A vivid commentary on Jewish survival and Jewish speech communities that will be enjoyed by the general reader, and is essential reading for students and researchers interested in the study of Middle Eastern languages, Jewish studies, and sociolinguistics.
This study is on the relation between developmental dyslexia and language
comprehension. It provides novel evidence that children with dyslexia
experience difficulties in the comprehension of sentences containing
ambiguous pronouns, imperfective sentences, and sentences containing a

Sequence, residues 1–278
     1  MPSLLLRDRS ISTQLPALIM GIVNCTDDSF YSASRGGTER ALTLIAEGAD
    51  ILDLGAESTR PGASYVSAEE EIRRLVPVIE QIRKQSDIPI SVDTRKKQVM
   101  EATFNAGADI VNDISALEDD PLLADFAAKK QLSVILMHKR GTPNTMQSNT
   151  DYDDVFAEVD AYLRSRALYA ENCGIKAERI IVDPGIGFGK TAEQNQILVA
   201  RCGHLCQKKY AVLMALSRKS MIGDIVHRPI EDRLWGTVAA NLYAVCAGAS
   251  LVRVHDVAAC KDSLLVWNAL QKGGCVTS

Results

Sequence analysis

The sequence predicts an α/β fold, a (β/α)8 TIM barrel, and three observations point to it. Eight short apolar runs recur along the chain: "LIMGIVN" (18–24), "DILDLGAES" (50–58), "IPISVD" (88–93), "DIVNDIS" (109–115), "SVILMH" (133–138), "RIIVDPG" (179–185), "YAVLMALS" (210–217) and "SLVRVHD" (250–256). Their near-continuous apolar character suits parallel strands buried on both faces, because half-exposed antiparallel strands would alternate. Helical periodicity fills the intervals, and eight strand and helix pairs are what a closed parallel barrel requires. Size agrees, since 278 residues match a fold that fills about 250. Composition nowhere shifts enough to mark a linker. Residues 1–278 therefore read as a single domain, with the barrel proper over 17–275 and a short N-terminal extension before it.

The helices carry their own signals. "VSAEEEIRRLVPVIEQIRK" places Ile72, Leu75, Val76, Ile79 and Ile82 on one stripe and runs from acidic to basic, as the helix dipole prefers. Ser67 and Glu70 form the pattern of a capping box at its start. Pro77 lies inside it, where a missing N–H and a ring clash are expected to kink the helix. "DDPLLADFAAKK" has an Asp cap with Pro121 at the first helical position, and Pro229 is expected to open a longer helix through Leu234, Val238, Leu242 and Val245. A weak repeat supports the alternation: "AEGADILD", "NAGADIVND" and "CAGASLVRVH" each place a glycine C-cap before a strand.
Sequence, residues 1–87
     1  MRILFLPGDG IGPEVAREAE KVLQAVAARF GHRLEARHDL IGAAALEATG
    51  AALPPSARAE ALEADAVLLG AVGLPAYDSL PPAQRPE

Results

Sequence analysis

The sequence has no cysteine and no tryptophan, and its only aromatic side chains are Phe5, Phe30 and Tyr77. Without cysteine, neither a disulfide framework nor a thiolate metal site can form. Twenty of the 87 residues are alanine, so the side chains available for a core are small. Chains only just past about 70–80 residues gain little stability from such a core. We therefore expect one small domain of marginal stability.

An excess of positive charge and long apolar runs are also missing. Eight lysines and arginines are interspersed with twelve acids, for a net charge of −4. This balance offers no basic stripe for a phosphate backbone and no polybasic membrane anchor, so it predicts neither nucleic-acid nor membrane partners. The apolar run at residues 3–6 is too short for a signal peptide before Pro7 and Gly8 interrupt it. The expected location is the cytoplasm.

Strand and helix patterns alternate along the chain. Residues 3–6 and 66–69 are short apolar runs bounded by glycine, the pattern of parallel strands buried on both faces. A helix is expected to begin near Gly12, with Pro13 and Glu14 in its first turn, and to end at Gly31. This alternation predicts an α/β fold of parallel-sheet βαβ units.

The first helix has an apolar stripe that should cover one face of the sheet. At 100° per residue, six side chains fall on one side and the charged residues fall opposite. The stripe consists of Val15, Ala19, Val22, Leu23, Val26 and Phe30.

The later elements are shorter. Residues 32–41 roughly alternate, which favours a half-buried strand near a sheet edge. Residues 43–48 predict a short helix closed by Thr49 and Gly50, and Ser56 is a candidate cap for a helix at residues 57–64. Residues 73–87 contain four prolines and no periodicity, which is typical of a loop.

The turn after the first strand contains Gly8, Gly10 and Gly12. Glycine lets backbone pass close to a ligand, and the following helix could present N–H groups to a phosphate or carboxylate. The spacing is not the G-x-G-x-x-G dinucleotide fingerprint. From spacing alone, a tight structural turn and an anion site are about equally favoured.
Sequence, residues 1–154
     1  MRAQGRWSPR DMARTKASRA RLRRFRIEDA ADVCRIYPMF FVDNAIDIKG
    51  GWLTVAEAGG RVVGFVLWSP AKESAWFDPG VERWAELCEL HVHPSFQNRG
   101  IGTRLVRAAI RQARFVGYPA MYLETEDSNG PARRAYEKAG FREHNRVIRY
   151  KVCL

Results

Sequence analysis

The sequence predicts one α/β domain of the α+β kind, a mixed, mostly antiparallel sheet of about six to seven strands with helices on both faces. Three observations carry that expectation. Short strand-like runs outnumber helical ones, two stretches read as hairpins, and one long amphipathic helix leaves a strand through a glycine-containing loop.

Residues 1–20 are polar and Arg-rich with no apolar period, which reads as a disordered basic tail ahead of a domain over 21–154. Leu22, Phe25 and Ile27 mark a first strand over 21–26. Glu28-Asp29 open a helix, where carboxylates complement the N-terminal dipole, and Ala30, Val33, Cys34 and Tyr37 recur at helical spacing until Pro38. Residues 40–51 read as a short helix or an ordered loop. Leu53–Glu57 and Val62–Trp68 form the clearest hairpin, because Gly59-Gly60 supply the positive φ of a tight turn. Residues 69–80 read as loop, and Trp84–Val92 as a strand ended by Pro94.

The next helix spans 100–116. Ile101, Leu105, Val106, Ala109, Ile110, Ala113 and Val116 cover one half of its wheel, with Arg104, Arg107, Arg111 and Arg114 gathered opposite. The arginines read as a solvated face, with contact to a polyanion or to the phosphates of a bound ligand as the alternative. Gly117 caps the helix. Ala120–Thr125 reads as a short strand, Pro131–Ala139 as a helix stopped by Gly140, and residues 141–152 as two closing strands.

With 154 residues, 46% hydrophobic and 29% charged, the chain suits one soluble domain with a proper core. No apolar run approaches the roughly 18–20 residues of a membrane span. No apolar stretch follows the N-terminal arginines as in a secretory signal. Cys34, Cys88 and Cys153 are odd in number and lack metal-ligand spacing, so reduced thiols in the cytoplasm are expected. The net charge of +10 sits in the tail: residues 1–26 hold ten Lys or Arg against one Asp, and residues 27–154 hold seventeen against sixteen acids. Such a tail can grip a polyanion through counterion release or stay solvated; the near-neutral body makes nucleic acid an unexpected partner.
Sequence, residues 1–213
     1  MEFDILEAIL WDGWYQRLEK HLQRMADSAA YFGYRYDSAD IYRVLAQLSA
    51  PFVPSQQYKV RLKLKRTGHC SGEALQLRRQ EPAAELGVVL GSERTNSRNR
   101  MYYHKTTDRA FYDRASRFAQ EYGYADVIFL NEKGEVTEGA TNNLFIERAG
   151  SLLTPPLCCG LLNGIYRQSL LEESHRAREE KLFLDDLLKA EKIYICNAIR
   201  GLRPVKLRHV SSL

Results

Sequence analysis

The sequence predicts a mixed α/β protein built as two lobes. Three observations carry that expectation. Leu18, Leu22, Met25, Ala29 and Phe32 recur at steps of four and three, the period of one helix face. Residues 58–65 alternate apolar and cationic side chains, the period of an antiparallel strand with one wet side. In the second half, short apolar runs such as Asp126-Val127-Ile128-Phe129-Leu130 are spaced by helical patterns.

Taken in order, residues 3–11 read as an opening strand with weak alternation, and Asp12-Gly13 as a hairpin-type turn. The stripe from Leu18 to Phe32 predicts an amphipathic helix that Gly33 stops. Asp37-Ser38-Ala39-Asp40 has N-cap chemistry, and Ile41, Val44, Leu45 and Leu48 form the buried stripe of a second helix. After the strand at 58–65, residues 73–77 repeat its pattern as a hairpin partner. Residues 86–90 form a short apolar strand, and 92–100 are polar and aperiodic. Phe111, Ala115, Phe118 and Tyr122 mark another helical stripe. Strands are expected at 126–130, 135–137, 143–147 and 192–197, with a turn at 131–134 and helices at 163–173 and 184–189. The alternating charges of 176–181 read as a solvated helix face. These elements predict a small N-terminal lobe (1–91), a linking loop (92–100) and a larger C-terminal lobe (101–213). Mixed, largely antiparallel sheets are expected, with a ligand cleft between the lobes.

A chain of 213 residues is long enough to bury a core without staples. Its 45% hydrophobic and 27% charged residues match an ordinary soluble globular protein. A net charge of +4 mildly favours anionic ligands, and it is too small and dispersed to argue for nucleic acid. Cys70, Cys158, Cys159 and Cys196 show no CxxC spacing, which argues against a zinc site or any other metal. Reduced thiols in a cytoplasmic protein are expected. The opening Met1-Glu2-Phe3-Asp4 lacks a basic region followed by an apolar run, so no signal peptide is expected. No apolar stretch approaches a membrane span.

universal quantifier. This evidence is used to formulate an hypothesis
about the cognitive impairment underlying dyslexia. The result is the
verbal Working Memory Deficit Hypothesis, according to which dyslexia is
associated with a deficit affecting the verbal component of the Working
Memory system. The study capitalizes on insights from both formal
linguistics and developmental psychology. It is thus of interest to
psychologists as well as to formal linguists.